How to Clean Gunk and Grime From Kitchen Cabinets

By Mary Hunt
Mary Hunt
Mary Hunt
Mary Hunt is the founder of EverydayCheapskate.com, a frugal living blog and the author of the book “Debt-Proof Living.” Mary invites you to visit her at her website, where this column is archived complete with links and resources for all recommended products and services. Mary invites questions and comments at EverydayCheapskate.com/contact, “Ask Mary.” Tips can be submitted at Tips.EverydayCheapskate.com. This column will answer questions of general interest, but letters cannot be answered individually. Copyright 2021 Creators.com
June 2, 2021 Updated: June 2, 2021

Kitchen cabinets are for storing dishes, not grease. Unfortunately, wood cabinets, whether painted or natural with a clear finish, are prone to all sorts of grease, grime, and gunk from simply being in the kitchen.

Depending on just how much grease and grime you’re looking at and the supplies you have available, here are several options for your consideration. At least one of them will help get the job done, and there’s an added final suggestion for how to keep your clean cabinets looking gorgeous!

Blue Dawn

Apply a few drops of concentrated dish liquid like blue Dawn into a bowl of warm water. Dip the soft side of a sponge. Squeeze the sponge until suds form. The cleaning agents in Dawn absorb grease just as well on kitchen surfaces as they do on dishes.

Apply to the dirty cabinet, wiping the grease with the soft sponge until it is removed. Immediately dry the surface with a clean cloth to prevent streaking.

Kitchen Gunk Remover

Bust through hardened layers of old sticky dust-grabbing grease with vegetable oil and baking soda. Mix 1 part any vegetable oil to 2 parts baking soda. Apply this oily paste to dirty areas using a soft cloth or paper towel. That ugly greasy dirty build-up will begin to soften and disappear. Wipe clean and buff with a soft cloth.

White Vinegar

Vinegar is not just for making pickles or drizzling over french fries. It has a grease-busting ability. Dampen a clean, dry cloth with undiluted white vinegar, and wipe down greasy cabinets. Rinse your cloth with warm water. Wring out most of the moisture, and then use the cloth to rinse the cabinetry. Dry the damp surfaces with a paper towel, but note any spots that need a second attempt.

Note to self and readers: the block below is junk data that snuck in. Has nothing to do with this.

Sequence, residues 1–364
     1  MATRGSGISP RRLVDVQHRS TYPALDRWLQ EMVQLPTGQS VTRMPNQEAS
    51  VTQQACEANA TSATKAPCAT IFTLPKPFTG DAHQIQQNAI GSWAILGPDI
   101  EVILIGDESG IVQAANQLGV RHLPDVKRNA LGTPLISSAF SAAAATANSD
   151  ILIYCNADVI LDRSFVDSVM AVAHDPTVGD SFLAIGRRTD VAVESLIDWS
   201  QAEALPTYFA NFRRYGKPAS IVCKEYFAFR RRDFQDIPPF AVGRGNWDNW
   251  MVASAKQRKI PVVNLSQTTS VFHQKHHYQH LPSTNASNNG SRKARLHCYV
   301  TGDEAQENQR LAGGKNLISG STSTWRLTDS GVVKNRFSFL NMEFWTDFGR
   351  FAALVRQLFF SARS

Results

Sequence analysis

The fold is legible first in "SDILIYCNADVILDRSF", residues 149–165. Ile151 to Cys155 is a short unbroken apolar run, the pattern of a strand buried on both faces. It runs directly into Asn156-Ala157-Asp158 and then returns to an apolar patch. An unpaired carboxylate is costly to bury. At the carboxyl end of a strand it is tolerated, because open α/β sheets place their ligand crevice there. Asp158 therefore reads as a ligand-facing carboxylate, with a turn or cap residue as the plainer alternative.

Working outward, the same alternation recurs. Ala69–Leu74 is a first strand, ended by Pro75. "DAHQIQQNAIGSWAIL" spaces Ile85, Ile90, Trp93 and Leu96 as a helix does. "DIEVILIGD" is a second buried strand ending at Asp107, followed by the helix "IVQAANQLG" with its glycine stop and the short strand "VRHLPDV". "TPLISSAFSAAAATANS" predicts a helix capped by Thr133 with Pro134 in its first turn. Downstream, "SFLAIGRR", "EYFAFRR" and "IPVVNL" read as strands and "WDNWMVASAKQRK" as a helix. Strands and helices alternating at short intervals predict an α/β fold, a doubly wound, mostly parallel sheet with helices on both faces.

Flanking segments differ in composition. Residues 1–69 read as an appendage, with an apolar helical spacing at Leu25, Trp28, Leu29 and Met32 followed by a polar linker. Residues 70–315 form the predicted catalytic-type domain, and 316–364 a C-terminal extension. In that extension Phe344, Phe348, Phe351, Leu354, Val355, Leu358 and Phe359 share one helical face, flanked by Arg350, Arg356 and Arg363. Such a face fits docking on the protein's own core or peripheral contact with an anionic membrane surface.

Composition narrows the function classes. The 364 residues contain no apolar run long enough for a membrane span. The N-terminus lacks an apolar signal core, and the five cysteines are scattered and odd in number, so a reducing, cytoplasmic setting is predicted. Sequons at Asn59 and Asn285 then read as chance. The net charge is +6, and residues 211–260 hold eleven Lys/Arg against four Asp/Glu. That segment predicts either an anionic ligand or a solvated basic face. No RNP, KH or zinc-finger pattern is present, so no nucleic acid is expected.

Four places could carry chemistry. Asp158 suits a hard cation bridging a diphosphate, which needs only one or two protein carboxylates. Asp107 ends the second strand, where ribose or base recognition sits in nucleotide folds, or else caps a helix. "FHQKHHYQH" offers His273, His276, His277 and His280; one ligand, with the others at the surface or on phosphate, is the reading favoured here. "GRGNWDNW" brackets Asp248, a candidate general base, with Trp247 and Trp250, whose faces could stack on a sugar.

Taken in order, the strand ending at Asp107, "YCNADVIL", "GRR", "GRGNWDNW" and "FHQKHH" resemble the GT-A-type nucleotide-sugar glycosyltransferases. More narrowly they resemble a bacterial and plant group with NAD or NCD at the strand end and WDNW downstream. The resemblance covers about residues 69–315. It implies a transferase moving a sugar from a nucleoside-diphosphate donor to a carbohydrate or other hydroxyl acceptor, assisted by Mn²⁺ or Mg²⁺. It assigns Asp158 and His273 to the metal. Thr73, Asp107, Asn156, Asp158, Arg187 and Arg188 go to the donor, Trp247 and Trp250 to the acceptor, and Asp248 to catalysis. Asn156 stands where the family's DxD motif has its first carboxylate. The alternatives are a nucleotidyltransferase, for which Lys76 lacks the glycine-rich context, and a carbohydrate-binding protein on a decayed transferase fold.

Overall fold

Soap and Paint Thinner

This is a heavy-duty, industrial-strength solution. Use it on the toughest, most stubborn grease and grime, knowing that it could remove a layer of the finish. Mix equal parts paint thinner and a mild soap, such as Murphy Oil Soap. Apply with a sponge or paintbrush. Wipe the solution away with a rag to clear the dirt. You’ll likely remove a thin layer of varnish or shellac because the grime may have melded with it.

Wood Polish and Conditioner

After a rigorous cleaning, wood cabinets are thirsty for moisture and protection. But you want to be careful that you don’t make matters worse by using something that will create a new kind of build-up that’s a magnet to kitchen grease and grime. You won’t find a better product to do that than Howard’s Feed-n-Wax Wood Polish and Conditioner. It contains beeswax, carnauba wax, and orange oil to keep the wood from drying out, while at the same time repelling kitchen grease. It’s fantastic for all of the wood surfaces in your home, not just your kitchen cabinets.

Mary Hunt is the founder of EverydayCheapskate.com, a frugal living blog and the author of the book “Debt-Proof Living.” Mary invites you to visit her at her website, where this column is archived complete with links and resources for all recommended products and services. Mary invites questions and comments at EverydayCheapskate.com/contact, “Ask Mary.” Tips can be submitted at Tips.EverydayCheapskate.com. This column will answer questions of general interest, but letters cannot be answered individually. Copyright 2021 Creators.com

Mary Hunt
Mary Hunt
Mary Hunt is the founder of EverydayCheapskate.com, a frugal living blog and the author of the book “Debt-Proof Living.” Mary invites you to visit her at her website, where this column is archived complete with links and resources for all recommended products and services. Mary invites questions and comments at EverydayCheapskate.com/contact, “Ask Mary.” Tips can be submitted at Tips.EverydayCheapskate.com. This column will answer questions of general interest, but letters cannot be answered individually. Copyright 2021 Creators.com